Can SoftBank convince more restaurants to use robots?

SoftBank Robotics America is deploying autonomous serving and cleaning robots to restaurants, as the industry faces a labor shortage
Robot at your service.
Robot at your service.
Image: Courtesy company
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SoftBank’s vision is one filled with more robots.

The Japanese conglomerate has made a string of investments in robotics companies from cleaning to warehouses in the few years. Now it wants to bring robots to restaurants, which are facing a shortage of human workers.

SoftBank Robotics America, a subsidiary of SoftBank, has partnered with Gausium, a Chinese robotics startup, to expand its autonomous cleaning and service robots to the US. With the purpose of automating certain tasks, the Scrubber 50 Pro can scrub, sweep, dust, mop, and sanitize. The XI robot, which is equipped with three serving trays that hold up to 66 pounds altogether, can serve several tables at a time. Currently, a fleet of XI robots is being used in a 12,250-square-foot full-service food hall outfitted with nine restaurants in Orlando, Florida, according to the company.

The partnership comes as restaurants have been investing more in technology due to being short-staffed during the pandemic, whether that’s in the back of the house cooking fries or the front of the house delivering food to customers’ tables.

Robots as a solution to the labor shortage

In 2016, SoftBank Robotics America was launched to find a way to combine customer service with robotics. The company manufactured Pepper, a human-looking robot, which served as a receptionist in stores and offices. But the popularity of Pepper fizzled out, and the production of Pepper was halted in 2020. (SoftBank Robotics said it has sold that side of the business.) After that, SoftBank Robotics turned to commercial cleaning, which was facing its own labor shortage, and partnered with Brain, a company that makes software for autonomous mobile robots in 2017 to scale-up cleaning robots.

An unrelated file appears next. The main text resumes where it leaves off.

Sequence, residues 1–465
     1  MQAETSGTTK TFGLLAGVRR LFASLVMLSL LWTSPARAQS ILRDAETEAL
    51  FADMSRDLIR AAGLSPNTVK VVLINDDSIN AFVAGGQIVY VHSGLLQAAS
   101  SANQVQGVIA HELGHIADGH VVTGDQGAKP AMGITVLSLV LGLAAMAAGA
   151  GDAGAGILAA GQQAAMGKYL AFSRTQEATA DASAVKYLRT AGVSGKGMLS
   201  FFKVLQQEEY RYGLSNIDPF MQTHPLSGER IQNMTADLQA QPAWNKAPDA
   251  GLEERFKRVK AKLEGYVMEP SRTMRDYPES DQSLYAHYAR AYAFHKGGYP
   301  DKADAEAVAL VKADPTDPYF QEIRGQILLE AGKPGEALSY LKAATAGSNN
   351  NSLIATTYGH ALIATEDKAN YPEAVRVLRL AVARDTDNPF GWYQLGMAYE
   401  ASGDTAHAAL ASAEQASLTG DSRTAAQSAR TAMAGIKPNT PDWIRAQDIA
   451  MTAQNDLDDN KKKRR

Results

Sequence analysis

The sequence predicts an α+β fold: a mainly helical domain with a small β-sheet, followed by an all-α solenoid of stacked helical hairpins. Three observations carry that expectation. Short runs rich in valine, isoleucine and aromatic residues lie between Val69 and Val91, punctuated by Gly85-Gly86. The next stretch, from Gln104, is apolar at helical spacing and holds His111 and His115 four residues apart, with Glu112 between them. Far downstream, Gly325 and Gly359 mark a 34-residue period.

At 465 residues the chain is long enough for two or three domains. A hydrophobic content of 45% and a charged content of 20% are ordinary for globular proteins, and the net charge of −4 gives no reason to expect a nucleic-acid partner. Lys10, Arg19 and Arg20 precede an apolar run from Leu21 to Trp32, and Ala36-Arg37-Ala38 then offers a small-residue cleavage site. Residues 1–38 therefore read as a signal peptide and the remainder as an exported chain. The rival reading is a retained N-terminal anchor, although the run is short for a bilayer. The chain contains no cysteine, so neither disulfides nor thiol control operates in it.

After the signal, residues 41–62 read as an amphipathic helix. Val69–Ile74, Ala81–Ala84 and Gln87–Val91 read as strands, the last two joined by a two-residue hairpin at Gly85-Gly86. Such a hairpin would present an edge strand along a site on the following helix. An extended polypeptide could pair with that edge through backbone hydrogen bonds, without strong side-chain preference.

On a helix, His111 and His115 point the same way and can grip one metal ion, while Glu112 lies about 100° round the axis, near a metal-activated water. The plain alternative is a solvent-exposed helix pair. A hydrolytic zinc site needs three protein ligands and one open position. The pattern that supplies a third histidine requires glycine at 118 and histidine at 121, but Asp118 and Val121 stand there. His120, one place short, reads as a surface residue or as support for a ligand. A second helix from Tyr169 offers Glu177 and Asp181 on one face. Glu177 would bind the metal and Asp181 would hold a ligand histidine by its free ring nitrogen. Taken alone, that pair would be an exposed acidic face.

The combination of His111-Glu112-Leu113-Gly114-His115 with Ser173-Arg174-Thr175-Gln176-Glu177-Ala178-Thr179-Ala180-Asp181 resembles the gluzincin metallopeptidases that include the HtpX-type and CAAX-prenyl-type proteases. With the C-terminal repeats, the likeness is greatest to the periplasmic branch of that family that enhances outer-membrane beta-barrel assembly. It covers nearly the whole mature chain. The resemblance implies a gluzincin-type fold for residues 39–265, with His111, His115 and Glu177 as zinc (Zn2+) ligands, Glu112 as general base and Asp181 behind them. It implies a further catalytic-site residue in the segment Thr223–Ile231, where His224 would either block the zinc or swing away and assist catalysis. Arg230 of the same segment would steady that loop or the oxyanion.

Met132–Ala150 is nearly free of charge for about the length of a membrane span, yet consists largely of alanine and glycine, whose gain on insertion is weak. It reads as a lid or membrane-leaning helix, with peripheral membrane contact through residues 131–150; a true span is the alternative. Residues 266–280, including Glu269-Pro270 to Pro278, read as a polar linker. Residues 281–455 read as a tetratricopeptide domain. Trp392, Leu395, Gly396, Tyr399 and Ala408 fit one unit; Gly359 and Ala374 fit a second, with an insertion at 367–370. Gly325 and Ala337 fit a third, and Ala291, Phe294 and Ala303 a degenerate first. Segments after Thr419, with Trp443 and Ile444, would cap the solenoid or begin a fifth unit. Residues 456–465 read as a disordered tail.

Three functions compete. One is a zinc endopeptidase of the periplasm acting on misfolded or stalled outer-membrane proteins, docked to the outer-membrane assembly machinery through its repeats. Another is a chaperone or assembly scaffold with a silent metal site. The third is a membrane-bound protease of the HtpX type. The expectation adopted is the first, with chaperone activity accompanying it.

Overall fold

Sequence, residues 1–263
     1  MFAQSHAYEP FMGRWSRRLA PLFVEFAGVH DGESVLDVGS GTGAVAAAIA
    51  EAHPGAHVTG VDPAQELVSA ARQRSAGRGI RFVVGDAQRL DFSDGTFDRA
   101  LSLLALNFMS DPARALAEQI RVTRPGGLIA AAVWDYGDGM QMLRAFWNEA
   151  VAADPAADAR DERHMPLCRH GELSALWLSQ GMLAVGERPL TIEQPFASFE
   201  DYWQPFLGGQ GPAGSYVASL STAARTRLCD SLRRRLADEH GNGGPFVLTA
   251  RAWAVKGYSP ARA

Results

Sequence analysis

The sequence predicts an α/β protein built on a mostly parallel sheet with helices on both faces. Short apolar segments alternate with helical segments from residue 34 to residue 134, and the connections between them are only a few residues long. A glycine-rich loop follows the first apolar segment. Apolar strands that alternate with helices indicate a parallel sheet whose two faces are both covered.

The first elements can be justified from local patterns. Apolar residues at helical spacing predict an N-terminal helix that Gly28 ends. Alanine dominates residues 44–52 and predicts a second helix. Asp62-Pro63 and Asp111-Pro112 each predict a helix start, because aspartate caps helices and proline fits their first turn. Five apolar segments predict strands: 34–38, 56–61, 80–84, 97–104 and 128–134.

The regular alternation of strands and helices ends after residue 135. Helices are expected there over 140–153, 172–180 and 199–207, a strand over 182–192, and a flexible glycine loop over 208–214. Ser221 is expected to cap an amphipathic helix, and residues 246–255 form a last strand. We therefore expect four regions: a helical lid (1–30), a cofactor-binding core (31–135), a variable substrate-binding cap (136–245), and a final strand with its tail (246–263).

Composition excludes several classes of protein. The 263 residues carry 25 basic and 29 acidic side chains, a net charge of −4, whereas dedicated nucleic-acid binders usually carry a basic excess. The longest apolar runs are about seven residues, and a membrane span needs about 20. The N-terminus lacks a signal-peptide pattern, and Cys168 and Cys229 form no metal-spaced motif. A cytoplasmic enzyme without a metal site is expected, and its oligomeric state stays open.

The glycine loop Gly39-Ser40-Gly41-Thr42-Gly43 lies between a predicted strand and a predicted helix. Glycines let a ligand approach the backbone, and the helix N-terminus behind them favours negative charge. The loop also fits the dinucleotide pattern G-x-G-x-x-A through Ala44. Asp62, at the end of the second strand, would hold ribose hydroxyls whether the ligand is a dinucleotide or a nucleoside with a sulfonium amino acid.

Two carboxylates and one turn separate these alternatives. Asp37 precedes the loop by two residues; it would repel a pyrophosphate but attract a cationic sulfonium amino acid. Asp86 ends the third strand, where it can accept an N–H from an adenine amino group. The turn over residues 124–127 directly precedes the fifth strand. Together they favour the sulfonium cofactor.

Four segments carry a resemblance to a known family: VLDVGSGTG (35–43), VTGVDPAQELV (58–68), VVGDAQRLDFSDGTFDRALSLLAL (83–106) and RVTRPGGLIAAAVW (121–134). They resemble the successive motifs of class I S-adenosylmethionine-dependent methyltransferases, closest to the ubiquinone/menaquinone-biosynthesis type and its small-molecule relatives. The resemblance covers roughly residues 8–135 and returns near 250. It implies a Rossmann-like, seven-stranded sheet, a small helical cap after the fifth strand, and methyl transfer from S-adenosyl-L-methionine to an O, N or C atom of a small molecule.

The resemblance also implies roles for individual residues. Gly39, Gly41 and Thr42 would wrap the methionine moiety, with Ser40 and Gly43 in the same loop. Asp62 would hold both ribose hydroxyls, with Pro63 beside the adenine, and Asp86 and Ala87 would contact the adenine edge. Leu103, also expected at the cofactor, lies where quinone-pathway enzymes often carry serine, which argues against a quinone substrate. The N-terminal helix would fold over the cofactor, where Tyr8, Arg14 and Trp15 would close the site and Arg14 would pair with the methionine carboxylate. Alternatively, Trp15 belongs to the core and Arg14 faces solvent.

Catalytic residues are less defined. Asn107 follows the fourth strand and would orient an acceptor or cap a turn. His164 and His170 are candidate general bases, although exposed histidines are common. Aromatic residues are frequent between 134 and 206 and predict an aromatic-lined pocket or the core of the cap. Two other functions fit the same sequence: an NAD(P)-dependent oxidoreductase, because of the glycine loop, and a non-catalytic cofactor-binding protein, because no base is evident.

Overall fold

There are parts of jobs people don’t want to do, and that’s what robots are built for, said Brady Watkins, the president of SoftBank Robotics America. And unlike needing to interact directly with customers as was the case with Pepper, certain tasks in restaurants are consistent and can be automated away, such as delivering dishes from point A to point B.

Restaurants are unsure about robots

But some restaurants see robots as a solution in search of a problem. “The problem is very clear, there is a labor shortage that’s happening, but we’re stuck on what the right solution is,” said Watkins. Part of the problem is that restaurants are not fully aware of what robots can do. For instance, most businesses don’t realize that robots can immediately do the work on the first day, compared to human employees, Watkins said.

XI or Scrubber Pro 50 are also pricey investments, costing as much as the typical yearly salary of one to two restaurant employees, said Watkins. But they can help free-up workers, allowing them to spend more time interacting with customers, which can increase the restaurant’s overall check size by 5 to 10%, he said.

How do people feel about seeing robots?

While robots can come off looking dystopian or disconcerting, SoftBank Robotics may have landed on a natural fit for robots. With XI or Scrubber 50 Pro, “what is really happening is people when you see a robot, you actually now recognize and appreciate the task that it’s doing where before maybe you didn’t,” said Watkins. He explained that customers see this as the business investing in a high-tech solution to making a restaurant cleaner, for instance. In many cases they’re not all that different from the robots that automatically vacuum many Americans’ homes.

The pandemic has fueled investor interest in robotics firms, as the service industry faces a shortage of workers. Robotics companies in the US have brought in $30 billion in funding in 2021, up from $21 billion last year, according to PitchBook data.

The latest partnership comes as SoftBank faces financial troubles, having exited companies like Uber and OpenDoor, an online real estate company, to raise cash amid the steep investment losses.